What You Should Know About Continuous Learning – A Lesson from Sam Walton

Sam Walton founded and built the most successful discount super store chain in the world – Wal-Mart. It has been controversial and no matter what you think of the store chain, you cannot argue with Sam’s success from a business point of view.

One of the reasons for Walton’s success was that he was continuously improving, tinkering, and experimenting with his stores. He started that process with his very first store which was not a Wal-Mart at all – the first of those did not open until 1962. He started out at JC Penney before WWII and went on to have franchises of Ben Franklin variety stores in the mid West.

When he first decided that retail would be his field after WWII he visited the Salt Lake City public library and read every book on retailing and merchandising he could find. He then went to Salt Lake’s biggest merchant, ZCMI, and asked a thousand questions. He took more notes.

In his autobiography, Sam Walton, Made in America, My Story, Walton tells about how he continuously learned from other retailers and stole their best ideas to use in his stores. He was relentlessly searching for improvements. He spent nearly as much time in competitor’s stores as he did in his own. He usually had a yellow pad or small spiral notebook with him and in later years a tape recorder. He recorded everything he observed and would ask hundreds of questions.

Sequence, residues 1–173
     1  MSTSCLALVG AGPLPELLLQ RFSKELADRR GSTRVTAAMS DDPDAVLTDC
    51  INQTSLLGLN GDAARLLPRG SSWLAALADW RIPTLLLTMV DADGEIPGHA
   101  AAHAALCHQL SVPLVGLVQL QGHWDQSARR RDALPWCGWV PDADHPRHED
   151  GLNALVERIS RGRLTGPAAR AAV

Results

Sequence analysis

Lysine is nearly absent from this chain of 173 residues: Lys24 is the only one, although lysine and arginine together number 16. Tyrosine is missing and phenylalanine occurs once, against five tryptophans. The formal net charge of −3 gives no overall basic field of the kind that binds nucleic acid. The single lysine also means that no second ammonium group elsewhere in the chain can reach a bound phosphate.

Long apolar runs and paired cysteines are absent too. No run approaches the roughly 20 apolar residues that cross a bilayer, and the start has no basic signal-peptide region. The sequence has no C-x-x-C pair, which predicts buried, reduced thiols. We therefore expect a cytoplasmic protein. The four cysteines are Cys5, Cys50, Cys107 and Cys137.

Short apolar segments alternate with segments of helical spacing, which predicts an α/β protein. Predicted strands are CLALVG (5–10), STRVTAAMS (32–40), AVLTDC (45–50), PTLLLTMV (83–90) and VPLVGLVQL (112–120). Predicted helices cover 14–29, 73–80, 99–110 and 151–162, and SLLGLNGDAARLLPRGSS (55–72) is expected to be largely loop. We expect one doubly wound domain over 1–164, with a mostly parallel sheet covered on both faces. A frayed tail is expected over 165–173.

Sam Walton used the mountain of knowledge about retailing he collected throughout his life to build the largest and most successful retail company in the nation.

Whether or not you like Wal-Mart you have to recognize his success. He was devoted to continuous learning and you should too. It is one key to success. The world is changing far faster today than it was over 50 years ago when Walton started out. He recognized change and the need to keep up and you must too if you want to excel.

Dedicate yourself to continuous learning. Nearly all successful people do. Read more, read at least a book a month and even better read a book a week. Observe and ask lots of questions about things important to your field of interest.

It will pay off for you just like it paid off for a struggling mid West retailer named Sam Walton. 


Wishing you Success and Prosperity,

Daniel R. Murphy

Wishing you well,

Daniel R. Murphy
Educating people for building wealth, adapting to a changing future and personal development.
www.danielrmurphy.com
www.books2wealth.com